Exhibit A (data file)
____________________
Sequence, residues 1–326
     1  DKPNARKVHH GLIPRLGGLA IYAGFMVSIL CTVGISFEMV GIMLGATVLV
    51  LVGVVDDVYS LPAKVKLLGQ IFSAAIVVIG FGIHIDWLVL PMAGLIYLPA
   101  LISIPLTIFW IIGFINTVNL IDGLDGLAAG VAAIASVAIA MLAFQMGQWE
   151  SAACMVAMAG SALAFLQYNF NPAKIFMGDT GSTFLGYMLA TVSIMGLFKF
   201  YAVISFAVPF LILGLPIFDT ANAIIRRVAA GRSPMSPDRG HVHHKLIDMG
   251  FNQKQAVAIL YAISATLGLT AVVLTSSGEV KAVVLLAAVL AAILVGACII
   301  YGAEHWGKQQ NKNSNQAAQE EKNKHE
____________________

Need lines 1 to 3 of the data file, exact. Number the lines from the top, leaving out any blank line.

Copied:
Sequence, residues 1–326
     1  DKPNARKVHH GLIPRLGGLA IYAGFMVSIL CTVGISFEMV GIMLGATVLV
    51  LVGVVDDVYS LPAKVKLLGQ IFSAAIVVIG FGIHIDWLVL PMAGLIYLPA